Daily Chess Improvement: World Champion’s Endgame!

SusanPolgar

White to move! How should white proceed? Please, no one move answer. Please post out the game plan.

Comments (8)
No. 1-4
Yancey_Ward
Yancey_Ward

Editor

Basically, you can sort of solve this puzzle by counting how many moves it takes black to win the trapped bishop and then get back to defend the black bishop against the white king and the passed e-pawn. It is made more complicated by having to consider what happens if black ever has time to play b4 fixing the backward c-pawn on a light square.

Yancey_Ward
Yancey_Ward

Editor

The stingier defense would have been to not go for the trapped white bishop, this would have held the h-pawn and kept the white king from infiltrating, but then the white bishop overloads the black bishop and picks up either the c-pawn or the f-pawn, or forces the black king back to protect the f-pawn and allows the white king into black's half of the board.

Yancey_Ward
Yancey_Ward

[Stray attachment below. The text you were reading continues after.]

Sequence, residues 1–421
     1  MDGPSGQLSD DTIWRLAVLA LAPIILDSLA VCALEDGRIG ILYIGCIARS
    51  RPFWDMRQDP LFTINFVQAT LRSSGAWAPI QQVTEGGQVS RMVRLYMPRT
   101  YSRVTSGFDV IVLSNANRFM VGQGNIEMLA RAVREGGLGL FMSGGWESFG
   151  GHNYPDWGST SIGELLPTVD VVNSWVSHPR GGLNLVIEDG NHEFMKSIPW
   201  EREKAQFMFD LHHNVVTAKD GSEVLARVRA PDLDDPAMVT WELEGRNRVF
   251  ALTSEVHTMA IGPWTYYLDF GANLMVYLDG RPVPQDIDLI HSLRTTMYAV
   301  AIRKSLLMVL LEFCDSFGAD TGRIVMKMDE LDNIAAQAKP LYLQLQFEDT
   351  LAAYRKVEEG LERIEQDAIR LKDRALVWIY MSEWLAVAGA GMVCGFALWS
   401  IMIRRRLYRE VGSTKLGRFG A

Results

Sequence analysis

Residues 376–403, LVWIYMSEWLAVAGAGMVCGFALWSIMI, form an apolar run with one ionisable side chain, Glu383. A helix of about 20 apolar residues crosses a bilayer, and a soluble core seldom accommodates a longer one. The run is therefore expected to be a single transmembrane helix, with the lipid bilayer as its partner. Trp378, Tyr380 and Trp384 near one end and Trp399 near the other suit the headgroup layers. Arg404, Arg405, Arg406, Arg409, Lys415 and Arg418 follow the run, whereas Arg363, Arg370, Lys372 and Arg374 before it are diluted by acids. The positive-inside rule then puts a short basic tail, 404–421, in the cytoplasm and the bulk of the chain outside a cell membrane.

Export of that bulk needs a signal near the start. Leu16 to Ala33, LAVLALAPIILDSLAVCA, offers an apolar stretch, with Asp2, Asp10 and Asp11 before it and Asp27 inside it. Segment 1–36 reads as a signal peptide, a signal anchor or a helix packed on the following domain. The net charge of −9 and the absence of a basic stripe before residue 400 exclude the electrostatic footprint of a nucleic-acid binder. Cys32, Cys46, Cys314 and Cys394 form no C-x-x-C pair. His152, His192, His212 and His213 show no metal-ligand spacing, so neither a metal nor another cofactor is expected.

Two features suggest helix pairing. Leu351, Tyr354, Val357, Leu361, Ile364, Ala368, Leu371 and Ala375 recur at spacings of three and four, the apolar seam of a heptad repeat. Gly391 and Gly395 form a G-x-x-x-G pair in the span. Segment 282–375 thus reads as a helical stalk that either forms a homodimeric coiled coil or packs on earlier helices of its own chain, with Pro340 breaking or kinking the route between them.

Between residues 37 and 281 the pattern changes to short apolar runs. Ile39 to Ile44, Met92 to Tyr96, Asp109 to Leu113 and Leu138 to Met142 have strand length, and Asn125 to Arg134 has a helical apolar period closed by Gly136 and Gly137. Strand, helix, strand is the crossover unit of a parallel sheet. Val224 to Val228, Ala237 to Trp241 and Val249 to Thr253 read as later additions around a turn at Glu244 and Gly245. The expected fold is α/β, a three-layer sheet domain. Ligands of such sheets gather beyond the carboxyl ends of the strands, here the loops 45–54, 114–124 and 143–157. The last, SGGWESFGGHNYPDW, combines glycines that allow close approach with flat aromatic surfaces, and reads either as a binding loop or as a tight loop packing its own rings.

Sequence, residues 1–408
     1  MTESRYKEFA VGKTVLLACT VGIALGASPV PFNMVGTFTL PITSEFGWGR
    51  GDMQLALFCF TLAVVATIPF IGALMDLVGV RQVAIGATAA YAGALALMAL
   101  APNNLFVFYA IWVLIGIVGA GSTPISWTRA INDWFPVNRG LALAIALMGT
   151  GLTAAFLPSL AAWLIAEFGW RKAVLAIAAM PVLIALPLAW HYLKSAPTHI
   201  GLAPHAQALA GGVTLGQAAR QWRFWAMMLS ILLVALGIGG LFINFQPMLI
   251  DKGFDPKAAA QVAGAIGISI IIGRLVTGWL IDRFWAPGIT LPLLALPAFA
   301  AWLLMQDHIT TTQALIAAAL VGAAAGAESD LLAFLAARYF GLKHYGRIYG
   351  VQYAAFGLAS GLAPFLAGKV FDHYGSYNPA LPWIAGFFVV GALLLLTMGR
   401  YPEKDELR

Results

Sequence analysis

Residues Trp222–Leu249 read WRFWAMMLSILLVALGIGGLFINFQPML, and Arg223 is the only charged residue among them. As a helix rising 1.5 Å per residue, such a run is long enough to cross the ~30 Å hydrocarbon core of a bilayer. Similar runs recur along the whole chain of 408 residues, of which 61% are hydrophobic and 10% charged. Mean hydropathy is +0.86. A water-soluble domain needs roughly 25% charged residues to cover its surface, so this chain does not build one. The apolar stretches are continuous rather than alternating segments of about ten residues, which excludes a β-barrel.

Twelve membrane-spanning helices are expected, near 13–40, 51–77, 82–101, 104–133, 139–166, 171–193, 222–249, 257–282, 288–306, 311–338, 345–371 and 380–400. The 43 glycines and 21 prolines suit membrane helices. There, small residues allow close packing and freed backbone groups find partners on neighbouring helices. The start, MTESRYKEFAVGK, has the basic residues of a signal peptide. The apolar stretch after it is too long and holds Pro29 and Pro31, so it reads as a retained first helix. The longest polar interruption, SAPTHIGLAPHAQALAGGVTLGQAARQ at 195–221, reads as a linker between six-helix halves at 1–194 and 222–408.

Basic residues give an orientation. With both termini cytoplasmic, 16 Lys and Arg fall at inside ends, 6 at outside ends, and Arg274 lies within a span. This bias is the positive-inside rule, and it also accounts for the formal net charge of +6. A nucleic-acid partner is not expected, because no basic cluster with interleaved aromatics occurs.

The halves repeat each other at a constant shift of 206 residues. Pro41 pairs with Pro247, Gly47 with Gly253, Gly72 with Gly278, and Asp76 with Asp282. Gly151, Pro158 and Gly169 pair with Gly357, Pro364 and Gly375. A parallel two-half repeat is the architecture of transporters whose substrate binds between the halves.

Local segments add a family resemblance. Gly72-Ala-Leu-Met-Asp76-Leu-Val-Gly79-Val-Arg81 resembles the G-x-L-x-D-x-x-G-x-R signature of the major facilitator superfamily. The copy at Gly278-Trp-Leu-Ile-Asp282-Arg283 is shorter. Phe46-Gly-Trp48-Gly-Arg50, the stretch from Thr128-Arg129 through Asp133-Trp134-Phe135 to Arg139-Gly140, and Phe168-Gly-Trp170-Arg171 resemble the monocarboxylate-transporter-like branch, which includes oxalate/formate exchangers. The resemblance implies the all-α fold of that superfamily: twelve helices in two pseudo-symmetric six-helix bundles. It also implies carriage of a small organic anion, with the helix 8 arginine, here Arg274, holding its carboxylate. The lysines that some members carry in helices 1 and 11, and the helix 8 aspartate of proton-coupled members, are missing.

Editor

Like Albi, I had already seen this game (I watched Agadmator's video yesterday covering this game). Of course, the right idea is to go after the h4 pawn with 1.Kf2. This would be a better puzzle if the initial position had been on white's previous move of capturing at a6 allowing black's b5 trapping the bishop and asked if it was ok to capture at a6 given that b5 traps the white bishop.

The point of going after the h-pawn is that white is also threatening to bring the king up the board to support the advance of the e-pawn, thus winning the bishop back or winning the f-pawn and creating connected passed pawns.

Nakamura didn't play the stingiest defense at that point- but it was probably the best one to play in hoping for Carlsen to err. Nakamura accepted the challenge, and captured the bishop with the king, and Carlsen won the h-pawn and the f-pawn, used the time wasted by Nakamura to put the backward c-pawn on a dark square, and then used the two connected passed pawns to win the black c-pawn- all without ever winning the black bishop. Just an amazing endgame calculation by the World Champion. The technique he used in a rapid game was absolutely flawless- not a single error. I could see that white wouldn't lose- the idea was instantly spotted by me while I was watching the video, but I couldn't be sure that it was winning.

albi
albi

It's so sad, unfortunately I watched the game, so Carlsen spoilered the solution.
If I remember correctly white allows black to take the bishop and wins by promoting a pawn.
I would have never ever found the combination by myself.


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